Pilkington, Mary (1766–1839)

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Pilkington, Mary (1766–1839)

British writer . Born Mary Hopkins in 1766 in Cambridge, England; died in 1839; daughter of man named Hopkins (a surgeon); married a man named Pilkington (a surgeon), in 1786.

Selected writings:

Obedience Rewarded and Prejudice Conquered (1797); Edward Barnard (1797); Historical Beauties for Young Ladies (1798); Marvellous Adventures (1802); The Disgraceful Effects of Falsehood (1807); Original Poems (1811); Celebrity (1825).

Mary Pilkington was the daughter of a surgeon who died when she was only 15 years old. She then made her home with her grandfather, a cleric, until her marriage in 1786 to the surgeon who had succeeded her father. While her husband was assigned to a position in the navy and was gone for long periods, she spent eight years working as a governess.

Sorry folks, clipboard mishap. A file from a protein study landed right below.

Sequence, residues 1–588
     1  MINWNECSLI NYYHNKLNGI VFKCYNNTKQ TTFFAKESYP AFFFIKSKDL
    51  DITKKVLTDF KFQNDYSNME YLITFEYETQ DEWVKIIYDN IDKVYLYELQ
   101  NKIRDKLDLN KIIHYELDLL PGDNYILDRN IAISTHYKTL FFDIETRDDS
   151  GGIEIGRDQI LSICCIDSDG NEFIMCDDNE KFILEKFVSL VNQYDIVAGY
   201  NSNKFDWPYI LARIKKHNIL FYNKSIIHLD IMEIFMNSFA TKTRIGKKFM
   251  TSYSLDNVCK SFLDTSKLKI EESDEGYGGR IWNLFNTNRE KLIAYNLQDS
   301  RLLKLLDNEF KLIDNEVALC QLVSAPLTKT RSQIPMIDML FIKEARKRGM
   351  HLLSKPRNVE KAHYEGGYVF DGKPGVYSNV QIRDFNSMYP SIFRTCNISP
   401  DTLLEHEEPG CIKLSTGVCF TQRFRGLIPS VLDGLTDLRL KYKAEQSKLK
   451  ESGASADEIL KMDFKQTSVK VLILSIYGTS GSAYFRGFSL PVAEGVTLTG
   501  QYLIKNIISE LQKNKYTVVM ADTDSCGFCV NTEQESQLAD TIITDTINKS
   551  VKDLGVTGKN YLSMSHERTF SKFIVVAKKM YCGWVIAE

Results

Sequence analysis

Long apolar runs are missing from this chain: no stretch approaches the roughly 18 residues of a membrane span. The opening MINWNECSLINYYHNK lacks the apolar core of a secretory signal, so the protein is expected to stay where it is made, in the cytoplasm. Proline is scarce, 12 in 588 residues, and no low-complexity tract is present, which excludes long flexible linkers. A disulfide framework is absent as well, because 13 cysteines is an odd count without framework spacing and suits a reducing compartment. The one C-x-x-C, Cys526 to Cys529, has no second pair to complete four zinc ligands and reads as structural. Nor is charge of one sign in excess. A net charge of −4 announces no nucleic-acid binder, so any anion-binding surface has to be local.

After beginning her writing career, Pilkington turned out an astonishing number of educational works, moral tracts, and novels, some of which were translated into French, using the proceeds to help meet living expenses. She was particularly interested in improving the moral character of the young. Little is known about her later life except that she suffered a debilitating illness around 1810 and that she died in 1839.


Concise Dictionary of National Biography, Vol. III. Oxford: Oxford University Press, 1992.

Kunitz, Stanley J., and Howard Haycraft, eds. British Authors of the Nineteenth Century. NY: H.W. Wilson, 1936.

Sally A. Myers , Ph.D., freelance writer and editor

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